After all, exercise is known to increase your mental health. In a mental health study of 1.2 million, people who exercised had 43.2% fewer days of poor mental health in the past month than individuals who did not exercise.

 

Another part of self-care is making an extra effort to reach out, our next tip.

 

#3 Reach Out

It’s natural to feel isolated in your grief, and it can be hard to talk about the death of a loved one, especially when the loss can make you feel like you’re alone in the world – and nobody can understand the depth of your pain.

 

But remember that avoidance isolates and separates you from your support systems. Not only that, but it can disrupt or delay your healing process.

 

So when you’re ready and can muster up the energy during a low, it’s worth taking the enormous step of reaching out to others for help.

 

Connecting with family and friends can be a fantastic remedy for grief. And spending time with people who knew the person that you lost can help you cope, too. Together, you can honor your loved one’s memory and celebrate them by sharing stories or simply enjoying each others’ company. These small efforts truly make an immense difference.

 

And there are also support groups and resources that you can reach out to, both online and in-person. Here are some online resources:

 

 

However you go about it, find a safe space to share your experiences, receive support, and connect with someone else who understands what you’re going through.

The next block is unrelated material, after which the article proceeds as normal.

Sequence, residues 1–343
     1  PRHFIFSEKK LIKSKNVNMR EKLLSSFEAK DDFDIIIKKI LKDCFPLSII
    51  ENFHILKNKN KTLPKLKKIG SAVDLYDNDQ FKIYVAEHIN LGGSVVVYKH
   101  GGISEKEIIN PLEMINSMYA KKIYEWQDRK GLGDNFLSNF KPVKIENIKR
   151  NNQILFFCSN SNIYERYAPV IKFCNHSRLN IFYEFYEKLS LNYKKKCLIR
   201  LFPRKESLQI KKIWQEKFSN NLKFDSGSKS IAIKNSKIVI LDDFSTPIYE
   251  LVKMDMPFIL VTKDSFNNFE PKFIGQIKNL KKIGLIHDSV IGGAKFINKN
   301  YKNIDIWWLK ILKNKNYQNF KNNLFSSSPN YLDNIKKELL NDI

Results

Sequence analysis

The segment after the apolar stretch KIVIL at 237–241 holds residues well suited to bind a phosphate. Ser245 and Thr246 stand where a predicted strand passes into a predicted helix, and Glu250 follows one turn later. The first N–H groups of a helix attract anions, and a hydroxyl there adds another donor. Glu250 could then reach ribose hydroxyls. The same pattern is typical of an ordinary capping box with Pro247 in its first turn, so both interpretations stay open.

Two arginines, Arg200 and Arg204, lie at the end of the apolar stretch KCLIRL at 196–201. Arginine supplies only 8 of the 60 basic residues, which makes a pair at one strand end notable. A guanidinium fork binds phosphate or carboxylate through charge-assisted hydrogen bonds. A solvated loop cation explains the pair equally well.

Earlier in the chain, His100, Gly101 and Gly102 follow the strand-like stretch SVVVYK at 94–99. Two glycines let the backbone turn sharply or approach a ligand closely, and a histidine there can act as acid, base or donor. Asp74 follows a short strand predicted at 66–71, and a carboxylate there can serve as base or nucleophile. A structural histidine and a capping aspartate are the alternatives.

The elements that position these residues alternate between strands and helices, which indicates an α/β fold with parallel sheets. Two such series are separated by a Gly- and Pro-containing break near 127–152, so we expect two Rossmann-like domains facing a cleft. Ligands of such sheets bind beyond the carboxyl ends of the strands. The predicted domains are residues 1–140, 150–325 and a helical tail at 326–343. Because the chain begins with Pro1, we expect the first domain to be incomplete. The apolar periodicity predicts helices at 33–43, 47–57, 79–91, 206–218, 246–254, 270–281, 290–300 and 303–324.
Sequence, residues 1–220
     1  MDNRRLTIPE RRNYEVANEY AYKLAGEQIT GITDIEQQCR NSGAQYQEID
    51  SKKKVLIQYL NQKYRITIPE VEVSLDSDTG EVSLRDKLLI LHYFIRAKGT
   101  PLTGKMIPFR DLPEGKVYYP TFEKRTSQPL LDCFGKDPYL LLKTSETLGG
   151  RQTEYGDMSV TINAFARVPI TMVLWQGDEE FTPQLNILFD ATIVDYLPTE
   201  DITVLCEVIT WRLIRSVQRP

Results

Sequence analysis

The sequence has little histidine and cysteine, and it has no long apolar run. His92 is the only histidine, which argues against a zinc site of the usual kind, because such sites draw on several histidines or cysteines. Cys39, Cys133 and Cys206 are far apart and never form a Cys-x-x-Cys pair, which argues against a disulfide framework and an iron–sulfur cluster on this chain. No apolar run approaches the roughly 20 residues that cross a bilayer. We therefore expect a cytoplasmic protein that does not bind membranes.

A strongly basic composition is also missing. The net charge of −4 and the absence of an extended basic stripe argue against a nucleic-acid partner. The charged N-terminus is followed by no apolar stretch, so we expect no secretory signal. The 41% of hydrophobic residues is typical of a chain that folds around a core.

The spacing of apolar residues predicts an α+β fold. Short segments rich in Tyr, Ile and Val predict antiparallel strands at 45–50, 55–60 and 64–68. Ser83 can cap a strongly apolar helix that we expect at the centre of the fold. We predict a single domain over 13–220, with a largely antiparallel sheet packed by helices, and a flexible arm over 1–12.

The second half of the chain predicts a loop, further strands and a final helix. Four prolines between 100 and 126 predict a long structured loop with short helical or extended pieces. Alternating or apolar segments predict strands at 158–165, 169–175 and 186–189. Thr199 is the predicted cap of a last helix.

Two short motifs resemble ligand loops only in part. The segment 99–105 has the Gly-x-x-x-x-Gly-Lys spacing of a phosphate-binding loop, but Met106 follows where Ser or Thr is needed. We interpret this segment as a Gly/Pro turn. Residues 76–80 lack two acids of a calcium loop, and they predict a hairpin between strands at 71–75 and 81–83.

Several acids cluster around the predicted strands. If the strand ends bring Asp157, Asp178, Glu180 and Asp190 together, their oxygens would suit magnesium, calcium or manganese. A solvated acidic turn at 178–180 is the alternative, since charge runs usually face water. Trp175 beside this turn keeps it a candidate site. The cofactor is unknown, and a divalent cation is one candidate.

Don’t hesitate to lean on people, to void going through this trying time alone.

 

And for those moments when you are alone, go inward for comfort and self-soothing. 

 

#4 Do the Inner Work & Reconnect with Yourself

After the initial shock has passed, it’s important to focus on doing the inner work that’s necessary to heal your heart and move forward in the way that you truly want.

 

It forces you to re-imagine your life in their absence. And a lot of the time, this means reinventing yourself.

 

Allow yourself time to take stock of your life without your spouse and look at it with a clear lens. It’s important to recognize what’s gone and what has to stay, and what has to change.

 

As cliché as it may sound, the best way to honor your partner, spouse, or lost loved one is by moving forward as your best self and living your best life possible.